Jay Farrar’s 2001 offering Sebastopol was somewhat of a disappointment for me. It offered some quality songs, but it was mostly scattershot, hit and miss. It sounded like Farrar was scared he’d been treading water throughout his Son Volt years and, as a result, sought to distance himself from his alt. country roots. Too many collaborators and too many different sounds sacrificed cohesiveness. Terroir Blues not only makes up for Sebastopol, it’s one of the best albums of his career.
The modernist sounds from Farrar’s first solo outing are compressed into thirty second snippets of backward spinning psychedelic feedback and used to link some of the most rural, traditional compositions in his catalog. This time around Farrar has also acknowledged that a solo album doesn’t mean he needs to do the lion’s share of the recording alone. Instead, by focusing mainly on vocals and acoustic guitar and enlisting a set of permanent backing musicians, better flow from song to song is assured.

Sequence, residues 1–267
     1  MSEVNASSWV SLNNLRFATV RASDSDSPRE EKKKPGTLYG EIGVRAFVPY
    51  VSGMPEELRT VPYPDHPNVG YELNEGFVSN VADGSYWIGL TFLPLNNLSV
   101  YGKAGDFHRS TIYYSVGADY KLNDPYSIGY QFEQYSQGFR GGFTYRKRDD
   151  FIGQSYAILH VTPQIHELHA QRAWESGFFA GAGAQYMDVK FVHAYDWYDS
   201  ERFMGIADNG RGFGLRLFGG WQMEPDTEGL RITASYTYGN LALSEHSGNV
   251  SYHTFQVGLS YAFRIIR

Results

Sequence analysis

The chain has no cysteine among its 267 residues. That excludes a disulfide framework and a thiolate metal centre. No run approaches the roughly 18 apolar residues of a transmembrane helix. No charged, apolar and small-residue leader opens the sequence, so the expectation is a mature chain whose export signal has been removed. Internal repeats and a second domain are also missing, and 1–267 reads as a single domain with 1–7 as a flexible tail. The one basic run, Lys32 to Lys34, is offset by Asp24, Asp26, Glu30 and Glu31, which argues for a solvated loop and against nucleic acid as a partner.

Farrar’s songwriting is still in top form too, as the lyrics focus on meditative themes and quiet reassurances. On “California” he actually finds nothing but beauty in his surroundings for the first time in a while. “Dent County” is equally touching with its ghostly threads of pedal steel stitching a spare patchwork melody behind an echoing piano and Farrar’s trademark set-jaw vocals. “Hanging On To You” is simply one of the best desperate and resigned ballads ever written. Period.
The album manages an interesting circular arrangement by including alternate versions of four songs. “Hard is the Fall II” works much better by eliminating the out-of-sync reverberating dual vocals, while the others don’t improve on or diminish the originals. It sounds like Jay Farrar has finally found a comfortable point between his past sounds and his desire to innovate. A five-year wait since his last great album seemed like an awful long time, but it’s turned out to be well worth it. It’s good to have you back, Jay.